We begin to understand why we act the way we act when we retrace our life to identify transformational moments and how we responded to them. It is like walking backward with a personal characteristic in hand trying to find the place or moment where we picked it up. Transitional moments can be negative experiences such as the premature loss of a parent that drove us into a responsibility for our family that we certainly didn’t want or expect. Or, on the positive side, they can be the special attention given by a teacher that birthed our positive self-concept. Every moment carries the potential for a positive or negative impact upon life, but only a few really make dramatic and immediate changes. Most of my writing focuses on such transitions whether serious or humorous.

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Source: Double Tragedy

Growing Up in the Midwest


 

The Birth of the Taradiddle

My father started the story-telling tradition for our clan. He actually gave birth to what I would call a taradiddle, even though he never used the term. Most of his narratives came straight out of the humorous realities from his life. He replayed them time and again whenever he had a willing audience. And like most stories, over time, Dad’s stories grew. From childhood, Dad amazed us with his recollection of playing against the Harlem Globetrotters in the 1930’s in Yarmouth, Iowa. I never thought to question Dad’s thrill of a lifetime; after all if he said it, it must be the truth. People began to question the veracity of his story and that ticked me off. So, I set out to document his claim. I am still looking, but I have found enough circumstantial evidence to keep his recollection leaning strongly to truth rather than fiction.

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The Globetrotter’s began their march to fame in Chicago in 1926 when Abe Saperstein formed a team of black basketball stars named the “Savoy Big Five.” My dad was nine years old at the time. The first team included people like Bill “Ham” Watson and Walter “Toots” Wright. The team name was changed to the Harlem New York Globetrotters and began touring to seek worthy opponents. They arrived in a Model “T” Ford in Hinckley, Illinois, for their debut game in 1927 in front of 300 fans. The total game payout was $75. From there they toured Wisconsin, Minnesota, and Iowa into the 1930’s and gained more and more credibility and fame. They played their 1,000th game in 1934, meaning they played approximately 120 games a year in a variety of cities and small towns in the mid-west. It is a strong possibility that one of those small towns was Yarmouth, and if so, Dad would have been at the front of the line to play. He would have been seventeen and in the prime of his high school basketball career. In May of 2012 I asked Uncle Major, my dad’s brother, (age 95) if he had any recollection of the Globetrotters in Yarmouth. And, without blinking he said, “Yeah, I remember them smoking cigarettes and eating candy bars in our school lunchroom as they waited for the game.” Why all those weird details unless it really registered in his vivid memory.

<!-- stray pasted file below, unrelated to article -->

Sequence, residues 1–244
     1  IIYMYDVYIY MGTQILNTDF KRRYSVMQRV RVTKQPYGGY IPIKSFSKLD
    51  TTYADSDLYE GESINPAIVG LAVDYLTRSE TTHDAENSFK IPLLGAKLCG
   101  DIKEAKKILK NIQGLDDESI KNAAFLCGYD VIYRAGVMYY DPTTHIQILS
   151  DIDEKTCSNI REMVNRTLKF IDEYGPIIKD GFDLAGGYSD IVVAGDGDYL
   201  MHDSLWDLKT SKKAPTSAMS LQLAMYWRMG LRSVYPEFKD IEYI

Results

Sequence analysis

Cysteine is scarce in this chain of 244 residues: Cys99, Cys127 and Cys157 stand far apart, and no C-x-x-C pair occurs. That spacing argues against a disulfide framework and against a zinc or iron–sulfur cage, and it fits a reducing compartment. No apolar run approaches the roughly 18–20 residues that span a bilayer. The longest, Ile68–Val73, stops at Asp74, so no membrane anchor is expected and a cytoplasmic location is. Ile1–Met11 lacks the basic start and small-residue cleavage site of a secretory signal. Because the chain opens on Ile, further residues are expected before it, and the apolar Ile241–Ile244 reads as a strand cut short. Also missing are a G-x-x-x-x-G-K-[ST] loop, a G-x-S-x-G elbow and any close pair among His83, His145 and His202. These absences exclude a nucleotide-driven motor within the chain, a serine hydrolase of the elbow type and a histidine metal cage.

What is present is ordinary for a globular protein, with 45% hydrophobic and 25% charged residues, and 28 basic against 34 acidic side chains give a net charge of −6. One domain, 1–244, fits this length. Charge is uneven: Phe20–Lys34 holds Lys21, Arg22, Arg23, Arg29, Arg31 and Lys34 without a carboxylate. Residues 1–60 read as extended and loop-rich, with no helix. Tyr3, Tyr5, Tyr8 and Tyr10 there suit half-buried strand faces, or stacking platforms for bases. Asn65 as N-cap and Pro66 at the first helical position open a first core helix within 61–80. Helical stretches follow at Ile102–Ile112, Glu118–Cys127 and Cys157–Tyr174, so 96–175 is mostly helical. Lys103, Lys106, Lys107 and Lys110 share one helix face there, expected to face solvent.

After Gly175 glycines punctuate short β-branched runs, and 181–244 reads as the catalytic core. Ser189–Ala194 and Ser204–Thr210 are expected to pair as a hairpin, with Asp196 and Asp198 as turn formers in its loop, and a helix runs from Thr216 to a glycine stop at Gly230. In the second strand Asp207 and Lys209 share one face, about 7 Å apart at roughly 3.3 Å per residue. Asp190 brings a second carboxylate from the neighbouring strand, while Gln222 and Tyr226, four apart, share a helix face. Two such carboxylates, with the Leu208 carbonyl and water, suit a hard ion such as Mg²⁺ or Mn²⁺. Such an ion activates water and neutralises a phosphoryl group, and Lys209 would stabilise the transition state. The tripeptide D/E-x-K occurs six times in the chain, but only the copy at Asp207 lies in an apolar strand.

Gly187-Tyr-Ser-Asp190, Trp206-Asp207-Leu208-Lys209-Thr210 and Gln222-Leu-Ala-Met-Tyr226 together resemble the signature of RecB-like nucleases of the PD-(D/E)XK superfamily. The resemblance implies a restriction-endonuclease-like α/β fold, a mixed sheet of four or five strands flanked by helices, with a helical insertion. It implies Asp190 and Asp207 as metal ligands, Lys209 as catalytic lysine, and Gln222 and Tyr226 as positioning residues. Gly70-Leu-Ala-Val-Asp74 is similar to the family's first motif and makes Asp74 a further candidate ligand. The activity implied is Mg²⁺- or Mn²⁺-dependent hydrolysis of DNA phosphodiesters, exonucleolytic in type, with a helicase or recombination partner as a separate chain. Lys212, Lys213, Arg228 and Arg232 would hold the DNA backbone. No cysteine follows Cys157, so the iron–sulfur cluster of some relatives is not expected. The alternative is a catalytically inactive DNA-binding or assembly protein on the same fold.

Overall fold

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My dad stuck with that story until one year before his death when he kicked it up a notch and began to say, “You know the Globetrotters tried to get me to go on the road with them.” He lost me there…but the first edition still intrigues me and causes me to wonder. Dad wasn’t interested at that point in telling his history, he focused on the “story.” How do you separate the truth from the fiction as a biographical writer? You cannot do that completely! You can only demythologize your memories to the limit of your desire to keep your story honest. Dad was a great storyteller, but he was a greater man.

Growing Up in the Midwest


Thug Can Be Only Skin Deep

Dad taught me with his thoughtfulness that a woman loves to receive flowers, wants to be pampered, and desires both closeness and space. He may not have bought many flowers during a more than fifty-year romance, but certainly brought Mom a lot of wild ones. Those deep purple winged violets and root beer brown and deep yellow daisies brought a loving pause to Mom’s busy meal preparations for an unpredictable number of friends and workers.

Dad had incredibly good taste in selecting the prettiest woman in the county. He was a small town boy—a very, very ornery one. The following photo makes him look a bit like a thug. But, then, like father like son. The next picture was taken of me taken 28 years later.